Second Reading

Resumed from 28 June.

Discharge of Order and Referral to Standing Committee on Legislation — Motion

Hon AARON STONEHOUSE — without notice: I move —

(1) That the Sentence Administration Amendment Bill 2017 be discharged and referred to the Standing Committee on Legislation for consideration and report by no later than Tuesday, 28 November 2017.

(2) The committee has the power to inquire into and report on the policy of the bill.

HON MICHAEL MISCHIN (North Metropolitan — Deputy Leader of the Opposition) [ 3.16 pm ]: The opposition supports the motion and I reserve any comments regarding the substance of the bill for my second reading response once we have the committee’s report. [further comments]

HON ALISON XAMON (North Metropolitan) [ 3.25 pm ]: I rise on behalf of the Greens to also indicate that we support the Sentence Administration Amendment Bill 2017’s referral to the Standing Committee on Legislation for consideration. The Greens also support an inquiry into the bill’s policy. I was prepared to move a similar motion. The principal reason for that was I am yet to be convinced that the bill will achieve the outcomes it purports to achieve.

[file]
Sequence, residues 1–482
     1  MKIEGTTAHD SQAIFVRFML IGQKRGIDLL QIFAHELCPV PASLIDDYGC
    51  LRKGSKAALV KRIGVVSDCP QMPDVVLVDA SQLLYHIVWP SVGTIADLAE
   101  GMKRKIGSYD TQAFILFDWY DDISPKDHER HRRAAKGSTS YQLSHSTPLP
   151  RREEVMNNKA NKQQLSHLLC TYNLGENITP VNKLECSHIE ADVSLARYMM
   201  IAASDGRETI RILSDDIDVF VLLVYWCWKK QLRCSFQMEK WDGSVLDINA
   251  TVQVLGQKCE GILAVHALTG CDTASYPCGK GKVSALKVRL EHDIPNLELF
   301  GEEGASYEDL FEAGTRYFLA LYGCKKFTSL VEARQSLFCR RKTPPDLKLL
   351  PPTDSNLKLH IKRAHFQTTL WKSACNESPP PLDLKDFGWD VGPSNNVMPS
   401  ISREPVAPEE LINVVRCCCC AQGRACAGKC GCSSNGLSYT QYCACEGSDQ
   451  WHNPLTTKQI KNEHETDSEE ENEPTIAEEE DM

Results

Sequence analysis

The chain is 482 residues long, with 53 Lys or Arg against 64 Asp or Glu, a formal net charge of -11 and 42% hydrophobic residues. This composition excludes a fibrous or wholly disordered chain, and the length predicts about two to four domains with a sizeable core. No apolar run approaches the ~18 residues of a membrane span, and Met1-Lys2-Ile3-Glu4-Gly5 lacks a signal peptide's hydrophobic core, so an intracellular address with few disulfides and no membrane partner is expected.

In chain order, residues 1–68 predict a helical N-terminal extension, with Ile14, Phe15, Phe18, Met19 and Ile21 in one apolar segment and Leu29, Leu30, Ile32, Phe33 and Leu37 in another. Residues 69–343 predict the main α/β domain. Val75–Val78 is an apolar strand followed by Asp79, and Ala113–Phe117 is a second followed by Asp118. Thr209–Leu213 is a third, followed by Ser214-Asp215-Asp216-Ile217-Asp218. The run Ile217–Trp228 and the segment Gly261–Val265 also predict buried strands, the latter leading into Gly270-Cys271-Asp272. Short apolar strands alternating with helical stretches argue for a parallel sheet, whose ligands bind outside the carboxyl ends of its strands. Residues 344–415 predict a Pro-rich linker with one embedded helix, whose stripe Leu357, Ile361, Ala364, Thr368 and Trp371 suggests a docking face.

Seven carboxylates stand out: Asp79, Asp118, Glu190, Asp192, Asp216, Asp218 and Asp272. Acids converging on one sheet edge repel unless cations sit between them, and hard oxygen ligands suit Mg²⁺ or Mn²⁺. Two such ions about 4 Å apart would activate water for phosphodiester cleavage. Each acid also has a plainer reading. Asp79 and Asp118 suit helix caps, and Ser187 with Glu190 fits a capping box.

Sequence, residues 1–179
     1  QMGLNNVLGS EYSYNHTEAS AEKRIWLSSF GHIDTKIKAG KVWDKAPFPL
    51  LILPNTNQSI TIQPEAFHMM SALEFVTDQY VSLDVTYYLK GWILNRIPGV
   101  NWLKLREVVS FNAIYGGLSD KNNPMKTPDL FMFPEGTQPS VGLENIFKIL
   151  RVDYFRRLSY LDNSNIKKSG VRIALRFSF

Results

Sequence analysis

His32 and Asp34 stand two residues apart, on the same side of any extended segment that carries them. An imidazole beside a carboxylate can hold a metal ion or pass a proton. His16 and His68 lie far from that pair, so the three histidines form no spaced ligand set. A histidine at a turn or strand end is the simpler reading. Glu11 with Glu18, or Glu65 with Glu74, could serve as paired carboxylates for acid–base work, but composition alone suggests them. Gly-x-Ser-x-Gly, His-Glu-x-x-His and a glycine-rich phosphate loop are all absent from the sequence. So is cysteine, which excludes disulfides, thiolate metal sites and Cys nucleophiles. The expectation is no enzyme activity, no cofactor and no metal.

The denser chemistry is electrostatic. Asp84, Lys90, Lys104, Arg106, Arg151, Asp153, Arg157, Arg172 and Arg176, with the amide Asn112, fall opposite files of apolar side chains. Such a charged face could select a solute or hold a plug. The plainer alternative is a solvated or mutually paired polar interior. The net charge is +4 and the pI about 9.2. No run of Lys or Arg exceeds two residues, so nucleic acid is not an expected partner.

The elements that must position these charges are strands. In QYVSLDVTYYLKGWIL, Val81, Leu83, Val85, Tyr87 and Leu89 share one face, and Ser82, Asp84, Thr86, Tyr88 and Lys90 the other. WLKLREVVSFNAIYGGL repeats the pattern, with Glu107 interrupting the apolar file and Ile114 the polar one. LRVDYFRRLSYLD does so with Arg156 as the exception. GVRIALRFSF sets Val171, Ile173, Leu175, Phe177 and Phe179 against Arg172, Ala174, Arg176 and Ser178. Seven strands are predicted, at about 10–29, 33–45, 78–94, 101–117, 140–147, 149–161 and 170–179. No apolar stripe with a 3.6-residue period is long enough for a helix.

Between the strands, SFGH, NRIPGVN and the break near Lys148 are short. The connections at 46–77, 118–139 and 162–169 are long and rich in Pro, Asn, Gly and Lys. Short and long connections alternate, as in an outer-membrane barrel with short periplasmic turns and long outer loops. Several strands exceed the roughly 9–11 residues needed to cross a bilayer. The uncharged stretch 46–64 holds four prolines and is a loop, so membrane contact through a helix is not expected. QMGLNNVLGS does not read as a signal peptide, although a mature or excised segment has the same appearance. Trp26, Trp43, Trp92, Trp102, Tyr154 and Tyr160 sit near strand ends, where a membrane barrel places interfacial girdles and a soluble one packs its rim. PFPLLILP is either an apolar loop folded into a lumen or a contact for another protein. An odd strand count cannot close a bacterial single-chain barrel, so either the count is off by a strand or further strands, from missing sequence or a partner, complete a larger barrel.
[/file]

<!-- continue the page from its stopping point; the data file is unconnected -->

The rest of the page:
I recognise that this legislation is particularly emotive for many people within our community and that its purported intent has significant community support. The reason I say that is I think most people — certainly people in this place — feel an enormous amount of sympathy for the families of victims who have been murdered when the body of that person has not been found. I acknowledge that this is a horrible issue and I acknowledge the lifelong devastating impact it would have on families and loved ones — the people who have been left behind. The last thing anybody in this place wants to do is add to the pain of people who have lost loved ones. However, as has already been said, it is our obligation in this place to ensure that the legislation we seek to pass is good legislation; also, importantly, that it will have the effects it purports to; and that it has no unintended consequences. One of the concerns I have is that from the briefings I have received, I am yet to be assured that this legislation will achieve those outcomes. I am also very concerned that the impact of this legislation may serve to undermine the parole system, and undermine basic rights and the basic rule of law. It could also potentially have the impact of compounding injustices. I have not been provided with evidence to suggest that the bill before us will achieve its desired aims. I have not been provided with information regarding the bill’s anticipated impact on the community more generally, or specifically on the safety of the community. I hope these sorts of issues will be teased out more comprehensively through our legislation committee.